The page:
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Posted on 08/31/2021

Talking To Your Child Or Teen About Their Mental Health Diagnosis

Talking To Your Child Or Teen About Their Mental Health Diagnosis


How do I talk to my child about a diagnosis?


Once diagnosed with a mental health condition, disability, disorder, or syndrome, parents begin to wonder “when and how should I tell my child?” While there is not a universal age or guideline in which is the best time to discuss a diagnosis with your child, there are a few signs that can help determine if your child is ready.

Your child may begin to ask questions after their diagnosis and sometimes even before they are formally diagnosed, such as “Why do I ____________?”, “Am I different?,” “Why Can’t I____________?” or “Will I be able to do things that other kids are doing?” If these questions are left unaddressed, your child may start to misunderstand their disability or start filling in the blanks with their own imagination.  

Begin to discuss their needs even before your child starts asking questions, once you feel confident that your child is mentally and emotionally able to process the information about their diagnosis. Sometimes children will bring up on their own that they are noticing differences in themselves compared to others.  Use that opportunity to address their questions and observations and begin to pave the way for more open dialogue as they mature. A few things to keep in mind:

  • Be completely honest and transparent with your child – Tell your child about the ups and downs, strengths and challenges related to their diagnosis. Give them opportunities to identify and express their feelings.
  • Help them prepare for the potential questions others may ask –Brainstorm questions that might be asked and ideas for how they can respond.  You might even talk about noticing comments or looks from others.
  • Don’t leave siblings out – Siblings also benefit from discussing a diagnosis. Children often have anxieties about “catching” what other children have.  They may also have feelings of guilt regarding their frustrations about being a sibling of a child with a different need, or guilty feelings that they are thankful that they are not the one with the condition, diagnosis or disability. They may also be jealous of the time and attention their sibling receives from his or her parents. Use proper terms and explain why and/or how the condition or disability happens. These can help diminish the concerns of siblings.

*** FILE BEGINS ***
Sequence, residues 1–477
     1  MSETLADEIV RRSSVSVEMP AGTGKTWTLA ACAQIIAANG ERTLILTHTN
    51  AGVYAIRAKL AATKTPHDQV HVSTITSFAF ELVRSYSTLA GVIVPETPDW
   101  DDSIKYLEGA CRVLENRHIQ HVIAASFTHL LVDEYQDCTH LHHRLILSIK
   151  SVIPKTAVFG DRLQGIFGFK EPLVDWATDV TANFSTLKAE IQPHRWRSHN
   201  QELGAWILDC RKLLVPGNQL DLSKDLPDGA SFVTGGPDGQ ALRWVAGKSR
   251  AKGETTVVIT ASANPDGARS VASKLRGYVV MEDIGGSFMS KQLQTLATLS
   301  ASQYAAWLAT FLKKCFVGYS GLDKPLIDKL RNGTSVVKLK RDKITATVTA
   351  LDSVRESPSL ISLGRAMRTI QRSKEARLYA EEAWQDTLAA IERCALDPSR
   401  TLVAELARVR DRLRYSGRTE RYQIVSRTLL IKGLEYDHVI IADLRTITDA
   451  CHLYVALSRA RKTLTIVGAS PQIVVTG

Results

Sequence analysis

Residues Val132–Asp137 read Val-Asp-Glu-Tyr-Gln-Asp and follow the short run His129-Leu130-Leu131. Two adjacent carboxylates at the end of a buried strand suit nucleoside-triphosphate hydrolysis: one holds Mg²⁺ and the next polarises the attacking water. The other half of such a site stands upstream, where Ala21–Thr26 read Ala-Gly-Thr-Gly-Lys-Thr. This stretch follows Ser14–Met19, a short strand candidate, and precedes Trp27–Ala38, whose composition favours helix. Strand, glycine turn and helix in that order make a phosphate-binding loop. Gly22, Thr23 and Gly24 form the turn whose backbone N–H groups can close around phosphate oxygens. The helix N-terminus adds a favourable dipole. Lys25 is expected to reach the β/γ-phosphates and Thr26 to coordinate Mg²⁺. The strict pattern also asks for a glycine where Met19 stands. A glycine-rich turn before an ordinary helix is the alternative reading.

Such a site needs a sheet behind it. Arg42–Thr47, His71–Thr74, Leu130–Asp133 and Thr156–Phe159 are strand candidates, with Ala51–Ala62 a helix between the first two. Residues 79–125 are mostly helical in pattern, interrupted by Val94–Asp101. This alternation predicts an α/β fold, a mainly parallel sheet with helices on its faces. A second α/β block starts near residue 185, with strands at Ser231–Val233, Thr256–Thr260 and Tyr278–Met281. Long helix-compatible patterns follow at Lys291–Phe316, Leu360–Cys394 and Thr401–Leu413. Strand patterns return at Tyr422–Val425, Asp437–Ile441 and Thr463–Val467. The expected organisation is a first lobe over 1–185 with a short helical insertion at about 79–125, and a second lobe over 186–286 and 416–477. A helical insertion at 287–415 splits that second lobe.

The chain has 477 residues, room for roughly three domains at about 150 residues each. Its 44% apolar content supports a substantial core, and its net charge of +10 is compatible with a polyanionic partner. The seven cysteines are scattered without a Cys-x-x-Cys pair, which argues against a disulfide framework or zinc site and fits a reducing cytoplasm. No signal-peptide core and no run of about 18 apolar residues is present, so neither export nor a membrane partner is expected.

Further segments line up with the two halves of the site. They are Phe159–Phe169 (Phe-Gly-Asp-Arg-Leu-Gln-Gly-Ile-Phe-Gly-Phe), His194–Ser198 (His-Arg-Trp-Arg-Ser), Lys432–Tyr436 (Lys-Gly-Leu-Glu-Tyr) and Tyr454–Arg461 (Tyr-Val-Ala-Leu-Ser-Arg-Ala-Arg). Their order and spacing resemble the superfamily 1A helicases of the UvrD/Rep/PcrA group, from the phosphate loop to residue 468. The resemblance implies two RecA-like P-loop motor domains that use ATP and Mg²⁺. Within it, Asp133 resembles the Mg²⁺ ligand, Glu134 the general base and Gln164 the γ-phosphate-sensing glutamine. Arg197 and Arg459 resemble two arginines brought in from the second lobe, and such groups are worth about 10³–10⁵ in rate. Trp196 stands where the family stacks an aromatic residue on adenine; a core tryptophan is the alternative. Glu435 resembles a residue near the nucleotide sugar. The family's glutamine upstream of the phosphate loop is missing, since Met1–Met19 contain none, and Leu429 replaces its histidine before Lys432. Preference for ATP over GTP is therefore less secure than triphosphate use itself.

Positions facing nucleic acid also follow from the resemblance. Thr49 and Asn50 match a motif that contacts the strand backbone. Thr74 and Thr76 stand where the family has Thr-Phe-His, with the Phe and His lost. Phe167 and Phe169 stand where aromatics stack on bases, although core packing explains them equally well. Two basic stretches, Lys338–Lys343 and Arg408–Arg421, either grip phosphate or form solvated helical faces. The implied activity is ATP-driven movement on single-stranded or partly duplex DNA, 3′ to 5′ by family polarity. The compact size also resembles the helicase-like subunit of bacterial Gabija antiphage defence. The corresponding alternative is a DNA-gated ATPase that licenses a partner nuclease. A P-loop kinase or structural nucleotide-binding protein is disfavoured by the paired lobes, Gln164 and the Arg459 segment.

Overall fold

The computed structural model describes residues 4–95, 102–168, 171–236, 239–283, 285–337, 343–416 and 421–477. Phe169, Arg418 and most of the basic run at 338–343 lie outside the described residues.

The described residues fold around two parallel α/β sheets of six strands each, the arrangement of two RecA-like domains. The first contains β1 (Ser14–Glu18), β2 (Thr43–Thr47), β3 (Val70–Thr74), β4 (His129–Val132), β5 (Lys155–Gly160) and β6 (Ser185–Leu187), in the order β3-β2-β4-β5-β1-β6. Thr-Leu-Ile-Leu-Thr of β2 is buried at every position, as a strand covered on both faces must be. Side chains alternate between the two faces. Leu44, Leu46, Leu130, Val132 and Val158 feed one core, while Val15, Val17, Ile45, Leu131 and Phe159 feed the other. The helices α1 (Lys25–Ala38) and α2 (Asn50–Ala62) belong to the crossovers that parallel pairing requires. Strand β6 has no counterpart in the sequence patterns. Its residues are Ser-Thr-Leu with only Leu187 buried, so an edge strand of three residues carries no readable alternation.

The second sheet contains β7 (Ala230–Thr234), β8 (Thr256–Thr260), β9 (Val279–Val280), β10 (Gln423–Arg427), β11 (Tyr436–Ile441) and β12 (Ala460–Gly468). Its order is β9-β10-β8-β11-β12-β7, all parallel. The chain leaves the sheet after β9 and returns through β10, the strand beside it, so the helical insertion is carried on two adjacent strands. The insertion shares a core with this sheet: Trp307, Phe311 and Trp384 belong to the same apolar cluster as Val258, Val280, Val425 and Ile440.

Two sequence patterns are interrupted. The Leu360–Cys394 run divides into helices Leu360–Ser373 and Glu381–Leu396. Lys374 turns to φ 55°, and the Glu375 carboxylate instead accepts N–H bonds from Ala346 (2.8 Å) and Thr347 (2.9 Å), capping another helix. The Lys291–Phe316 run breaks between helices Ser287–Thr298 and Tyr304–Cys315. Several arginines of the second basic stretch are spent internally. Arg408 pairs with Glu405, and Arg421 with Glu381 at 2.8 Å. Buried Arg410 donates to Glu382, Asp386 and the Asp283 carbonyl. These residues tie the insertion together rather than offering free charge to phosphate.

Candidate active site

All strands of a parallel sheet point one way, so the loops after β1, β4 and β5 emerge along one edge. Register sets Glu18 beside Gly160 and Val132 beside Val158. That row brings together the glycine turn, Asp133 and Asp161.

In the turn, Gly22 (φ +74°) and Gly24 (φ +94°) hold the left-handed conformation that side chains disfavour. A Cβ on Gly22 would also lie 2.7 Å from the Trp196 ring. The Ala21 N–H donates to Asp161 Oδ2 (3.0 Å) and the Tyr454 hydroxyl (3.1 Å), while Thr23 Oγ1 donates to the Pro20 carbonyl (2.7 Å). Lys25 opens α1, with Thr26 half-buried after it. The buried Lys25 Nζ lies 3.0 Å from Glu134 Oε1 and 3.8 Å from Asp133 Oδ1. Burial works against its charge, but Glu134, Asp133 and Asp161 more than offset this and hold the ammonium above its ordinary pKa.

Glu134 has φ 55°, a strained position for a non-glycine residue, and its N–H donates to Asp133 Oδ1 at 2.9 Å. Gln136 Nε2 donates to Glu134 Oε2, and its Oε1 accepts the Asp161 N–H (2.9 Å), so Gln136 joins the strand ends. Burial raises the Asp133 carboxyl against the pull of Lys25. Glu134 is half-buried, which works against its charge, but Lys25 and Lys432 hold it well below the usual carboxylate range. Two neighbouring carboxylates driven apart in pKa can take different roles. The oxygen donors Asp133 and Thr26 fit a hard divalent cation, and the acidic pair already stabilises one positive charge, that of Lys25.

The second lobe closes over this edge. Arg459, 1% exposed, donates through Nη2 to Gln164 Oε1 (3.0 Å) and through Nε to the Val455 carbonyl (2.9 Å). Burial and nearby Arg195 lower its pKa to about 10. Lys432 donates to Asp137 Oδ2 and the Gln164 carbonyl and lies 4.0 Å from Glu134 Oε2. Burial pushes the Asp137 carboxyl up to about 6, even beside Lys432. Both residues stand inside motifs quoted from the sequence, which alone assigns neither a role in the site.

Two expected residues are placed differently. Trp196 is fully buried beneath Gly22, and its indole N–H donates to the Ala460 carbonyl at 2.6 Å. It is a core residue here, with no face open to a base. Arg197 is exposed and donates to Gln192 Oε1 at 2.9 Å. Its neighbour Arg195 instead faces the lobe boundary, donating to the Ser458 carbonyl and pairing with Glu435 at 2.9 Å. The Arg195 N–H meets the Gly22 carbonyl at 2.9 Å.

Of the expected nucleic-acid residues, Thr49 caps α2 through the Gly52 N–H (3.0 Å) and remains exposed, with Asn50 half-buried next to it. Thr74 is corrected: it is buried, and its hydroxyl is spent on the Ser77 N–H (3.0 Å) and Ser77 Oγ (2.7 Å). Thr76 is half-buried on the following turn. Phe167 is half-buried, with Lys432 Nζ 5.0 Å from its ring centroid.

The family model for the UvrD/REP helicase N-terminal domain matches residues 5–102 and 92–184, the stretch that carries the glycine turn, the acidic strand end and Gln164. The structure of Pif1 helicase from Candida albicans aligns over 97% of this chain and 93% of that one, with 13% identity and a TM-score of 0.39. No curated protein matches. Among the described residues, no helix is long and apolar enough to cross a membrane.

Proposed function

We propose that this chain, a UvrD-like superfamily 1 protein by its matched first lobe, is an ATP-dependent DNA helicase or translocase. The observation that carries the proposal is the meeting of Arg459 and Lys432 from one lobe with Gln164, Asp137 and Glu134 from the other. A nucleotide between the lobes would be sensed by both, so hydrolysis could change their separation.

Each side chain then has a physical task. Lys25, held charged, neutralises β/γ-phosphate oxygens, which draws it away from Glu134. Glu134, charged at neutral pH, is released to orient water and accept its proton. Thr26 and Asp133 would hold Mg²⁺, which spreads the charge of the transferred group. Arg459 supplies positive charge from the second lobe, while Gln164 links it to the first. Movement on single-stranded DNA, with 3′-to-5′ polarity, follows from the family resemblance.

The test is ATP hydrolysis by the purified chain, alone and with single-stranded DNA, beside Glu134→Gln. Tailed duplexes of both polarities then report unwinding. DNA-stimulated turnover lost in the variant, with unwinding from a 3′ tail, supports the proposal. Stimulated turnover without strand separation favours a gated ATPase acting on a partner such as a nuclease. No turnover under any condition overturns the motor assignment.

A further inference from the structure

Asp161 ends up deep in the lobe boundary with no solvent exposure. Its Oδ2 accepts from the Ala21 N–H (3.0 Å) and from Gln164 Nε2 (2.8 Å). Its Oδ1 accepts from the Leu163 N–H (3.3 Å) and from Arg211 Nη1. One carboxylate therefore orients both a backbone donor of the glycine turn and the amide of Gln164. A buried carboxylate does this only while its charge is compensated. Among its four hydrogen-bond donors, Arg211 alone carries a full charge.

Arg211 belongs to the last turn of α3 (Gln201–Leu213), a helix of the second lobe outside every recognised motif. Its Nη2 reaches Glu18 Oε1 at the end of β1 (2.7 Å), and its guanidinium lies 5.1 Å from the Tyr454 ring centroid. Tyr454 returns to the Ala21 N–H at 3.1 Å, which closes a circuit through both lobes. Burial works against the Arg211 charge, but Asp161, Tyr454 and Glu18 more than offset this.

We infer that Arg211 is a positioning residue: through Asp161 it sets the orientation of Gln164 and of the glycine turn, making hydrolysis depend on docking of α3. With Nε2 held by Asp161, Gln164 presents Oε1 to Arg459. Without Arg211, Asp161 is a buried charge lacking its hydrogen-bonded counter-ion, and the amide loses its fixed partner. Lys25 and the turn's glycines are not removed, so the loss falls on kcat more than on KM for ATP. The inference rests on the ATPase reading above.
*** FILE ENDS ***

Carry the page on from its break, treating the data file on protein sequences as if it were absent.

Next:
• Keep a positive mindset – Reassure your child that their diagnosis does not define them. Emphasize that we are all different.  Each of us our own unique qualities and strengths to celebrate, and challenges to manage. 
  • Not all struggles are permanent – Therapies, techniques, and technology are continually improving the way we live. adaptations and accommodations can help make life more manageable and pleasant.

Looking Beyond The Label

Remember, whatever the diagnosis may be, it’s just a word.  Aspergers, ADHD, autism, anxiety, etc. is a medical formality-a box that holds all of the individual symptoms, behaviors, or potential issues. If your child refuses to be defined by the label, that is completely okay. Some children may get angry about having a name to go with what they are experiencing.  Talk to them about those feelings to help them cope.

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From counselors to parent coaches, can help you find providers in your area to help you navigate this issue.



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